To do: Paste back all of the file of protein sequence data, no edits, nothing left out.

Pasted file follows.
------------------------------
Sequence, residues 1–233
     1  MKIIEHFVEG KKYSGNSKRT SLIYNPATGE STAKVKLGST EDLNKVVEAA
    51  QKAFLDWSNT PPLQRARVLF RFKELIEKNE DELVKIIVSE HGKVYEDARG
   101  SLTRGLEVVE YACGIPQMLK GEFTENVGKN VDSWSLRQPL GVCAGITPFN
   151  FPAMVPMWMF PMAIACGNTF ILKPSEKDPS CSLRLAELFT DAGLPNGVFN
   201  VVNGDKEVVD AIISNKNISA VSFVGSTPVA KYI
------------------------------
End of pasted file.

Sequence, residues 1–233
     1  MKIIEHFVEG KKYSGNSKRT SLIYNPATGE STAKVKLGST EDLNKVVEAA
    51  QKAFLDWSNT PPLQRARVLF RFKELIEKNE DELVKIIVSE HGKVYEDARG
   101  SLTRGLEVVE YACGIPQMLK GEFTENVGKN VDSWSLRQPL GVCAGITPFN
   151  FPAMVPMWMF PMAIACGNTF ILKPSEKDPS CSLRLAELFT DAGLPNGVFN
   201  VVNGDKEVVD AIISNKNISA VSFVGSTPVA KYI